The final episodes of “The Last Dance” have aired, yet ESPN has one more program to show about the Chicago Bulls’ sixth championship
The final episodes of “The Last Dance” have aired, yet ESPN has one more program to show about the Chicago Bulls’ sixth championship.
ESPN will show “Game 6: The Movie” on Wednesday night at 9 p.m. EDT, following a rebroadcast of episodes nine and 10 of “The Last Dance.” The episode will feature game footage captured by five NBA Entertainment cameras and marks the first time that the game has been available to watch in high-definition.
The Bulls defeated the Utah Jazz 87–86 as Michael Jordan hit the game-winning basket with 5.2 seconds remaining to cap their sixth championship in eight seasons.
Executive Producer Gregg Winik — who was a cameraman for NBA Entertainment during that Bulls championship season — said the brainstorming about Game 6 started by compiling the last 40 seconds of the game for the final episode of “The Last Dance”. After they were able to do that, it started to expand into a project of its own. Winik and his team then took the NBC telecast and started to lay in footage to get the complete product.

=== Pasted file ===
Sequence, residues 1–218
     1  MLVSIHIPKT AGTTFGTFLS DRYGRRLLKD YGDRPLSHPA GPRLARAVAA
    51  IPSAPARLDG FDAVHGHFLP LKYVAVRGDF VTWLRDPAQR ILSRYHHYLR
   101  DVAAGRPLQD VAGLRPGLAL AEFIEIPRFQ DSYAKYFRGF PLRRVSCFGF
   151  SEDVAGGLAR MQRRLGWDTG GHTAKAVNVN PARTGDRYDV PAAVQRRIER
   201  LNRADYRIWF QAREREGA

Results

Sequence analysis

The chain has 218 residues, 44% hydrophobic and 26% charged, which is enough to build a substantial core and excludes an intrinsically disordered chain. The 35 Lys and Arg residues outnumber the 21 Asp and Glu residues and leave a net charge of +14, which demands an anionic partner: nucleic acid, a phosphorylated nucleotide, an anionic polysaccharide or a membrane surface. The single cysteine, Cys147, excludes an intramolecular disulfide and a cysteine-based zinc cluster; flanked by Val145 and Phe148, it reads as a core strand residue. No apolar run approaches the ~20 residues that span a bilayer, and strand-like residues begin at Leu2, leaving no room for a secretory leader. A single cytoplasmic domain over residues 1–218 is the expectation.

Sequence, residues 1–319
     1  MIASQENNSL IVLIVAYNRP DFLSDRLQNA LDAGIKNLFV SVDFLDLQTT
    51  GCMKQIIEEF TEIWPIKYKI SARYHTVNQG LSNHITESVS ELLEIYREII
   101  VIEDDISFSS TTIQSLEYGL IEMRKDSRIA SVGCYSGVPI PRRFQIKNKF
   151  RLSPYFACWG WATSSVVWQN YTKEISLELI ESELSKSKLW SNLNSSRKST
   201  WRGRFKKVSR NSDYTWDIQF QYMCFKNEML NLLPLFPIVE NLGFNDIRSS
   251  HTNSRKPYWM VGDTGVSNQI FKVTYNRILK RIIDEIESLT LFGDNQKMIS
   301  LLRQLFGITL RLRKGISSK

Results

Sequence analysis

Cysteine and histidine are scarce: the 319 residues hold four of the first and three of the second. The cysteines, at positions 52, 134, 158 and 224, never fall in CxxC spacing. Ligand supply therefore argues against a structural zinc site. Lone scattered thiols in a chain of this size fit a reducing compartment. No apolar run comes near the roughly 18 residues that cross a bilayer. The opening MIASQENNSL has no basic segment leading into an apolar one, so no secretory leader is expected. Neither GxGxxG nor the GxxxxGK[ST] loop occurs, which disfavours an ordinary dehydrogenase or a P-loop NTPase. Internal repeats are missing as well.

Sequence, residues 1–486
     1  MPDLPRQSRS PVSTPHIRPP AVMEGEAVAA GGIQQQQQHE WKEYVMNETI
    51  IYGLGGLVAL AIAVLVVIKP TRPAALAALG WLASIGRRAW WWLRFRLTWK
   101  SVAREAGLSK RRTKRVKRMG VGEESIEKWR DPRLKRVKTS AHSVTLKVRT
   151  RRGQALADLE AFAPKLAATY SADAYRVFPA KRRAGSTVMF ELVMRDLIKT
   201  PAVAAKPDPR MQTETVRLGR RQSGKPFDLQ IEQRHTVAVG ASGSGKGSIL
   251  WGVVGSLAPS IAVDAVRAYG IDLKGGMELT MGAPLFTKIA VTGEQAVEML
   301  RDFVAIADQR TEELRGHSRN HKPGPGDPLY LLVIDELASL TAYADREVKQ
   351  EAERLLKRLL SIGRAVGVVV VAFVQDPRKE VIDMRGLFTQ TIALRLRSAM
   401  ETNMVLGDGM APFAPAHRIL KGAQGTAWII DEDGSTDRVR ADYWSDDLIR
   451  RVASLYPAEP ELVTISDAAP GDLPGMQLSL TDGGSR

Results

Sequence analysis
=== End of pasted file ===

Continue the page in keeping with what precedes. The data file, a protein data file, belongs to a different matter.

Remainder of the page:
“If you would have told me six months ago if we could have done this, I would have said it was impossible,” Winik said. “It features a lot of dramatic imagery and the pictures jump off the screen.”
High definition was still in its infancy in 1998. In fact, the first major sports event to be broadcast in high definition didn’t happen until Super Bowl 34 in January 2000.
Connor Schell, ESPN’s executive vice president for content, said there were conversations about showing the original NBC broadcast, until discussions revolved around an enhanced presentation.
“It was timed out beautifully and how quick we were able to get it on the air,” Schell said. “To top off this project with this never-seen-before version of Game 6 is an incredible ending.”
The film will feature the original NBC commentary by Bob Costas, Isiah Thomas, Doug Collins, Ahmad Rashad and Jim Gray.
According to Nielsen and ESPN, the first six episodes of “The Last Dance” has averaged 12.2 million viewers. That includes all airings, as well as video on demand and DVR recordings.
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